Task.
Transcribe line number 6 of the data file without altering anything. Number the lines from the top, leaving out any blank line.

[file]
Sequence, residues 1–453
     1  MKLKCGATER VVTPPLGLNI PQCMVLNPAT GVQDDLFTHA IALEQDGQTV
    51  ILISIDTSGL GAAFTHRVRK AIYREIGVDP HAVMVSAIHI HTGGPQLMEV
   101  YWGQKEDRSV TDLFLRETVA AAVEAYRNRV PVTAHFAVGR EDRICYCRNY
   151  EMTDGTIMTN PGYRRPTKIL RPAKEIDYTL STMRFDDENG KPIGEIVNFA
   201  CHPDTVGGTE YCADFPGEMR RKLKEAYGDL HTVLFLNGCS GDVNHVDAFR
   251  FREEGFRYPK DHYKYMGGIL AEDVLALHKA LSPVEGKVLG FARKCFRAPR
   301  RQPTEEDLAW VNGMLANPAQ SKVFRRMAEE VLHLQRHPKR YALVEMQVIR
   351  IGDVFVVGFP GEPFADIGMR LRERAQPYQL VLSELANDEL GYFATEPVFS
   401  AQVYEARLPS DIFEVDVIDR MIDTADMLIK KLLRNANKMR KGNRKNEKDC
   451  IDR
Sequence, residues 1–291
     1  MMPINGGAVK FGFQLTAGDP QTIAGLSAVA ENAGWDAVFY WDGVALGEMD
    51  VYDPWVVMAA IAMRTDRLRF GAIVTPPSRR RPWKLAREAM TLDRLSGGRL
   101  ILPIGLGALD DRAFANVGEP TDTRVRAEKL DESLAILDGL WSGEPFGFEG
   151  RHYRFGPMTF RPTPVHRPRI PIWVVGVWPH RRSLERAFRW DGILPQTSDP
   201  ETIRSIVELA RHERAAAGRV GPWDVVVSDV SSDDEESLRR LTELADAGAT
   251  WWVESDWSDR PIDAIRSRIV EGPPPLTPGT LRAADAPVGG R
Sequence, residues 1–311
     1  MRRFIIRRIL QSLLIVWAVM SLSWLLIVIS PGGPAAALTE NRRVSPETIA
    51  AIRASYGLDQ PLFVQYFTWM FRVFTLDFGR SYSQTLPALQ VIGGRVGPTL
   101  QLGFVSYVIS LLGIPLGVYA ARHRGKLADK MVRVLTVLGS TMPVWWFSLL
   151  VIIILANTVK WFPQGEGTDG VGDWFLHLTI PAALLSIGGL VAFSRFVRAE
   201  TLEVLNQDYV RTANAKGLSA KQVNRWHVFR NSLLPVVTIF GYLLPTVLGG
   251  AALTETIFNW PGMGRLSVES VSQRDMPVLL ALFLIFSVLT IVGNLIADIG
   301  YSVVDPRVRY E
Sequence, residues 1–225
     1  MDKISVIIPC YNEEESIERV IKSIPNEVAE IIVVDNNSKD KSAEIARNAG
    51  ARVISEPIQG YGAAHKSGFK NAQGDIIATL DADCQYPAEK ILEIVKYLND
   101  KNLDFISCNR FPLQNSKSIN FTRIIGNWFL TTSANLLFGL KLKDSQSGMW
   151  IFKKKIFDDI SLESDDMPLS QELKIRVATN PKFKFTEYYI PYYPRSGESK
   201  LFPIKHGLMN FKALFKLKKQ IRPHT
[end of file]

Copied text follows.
   201  CHPDTVGGTE YCADFPGEMR RKLKEAYGDL HTVLFLNGCS GDVNHVDAFR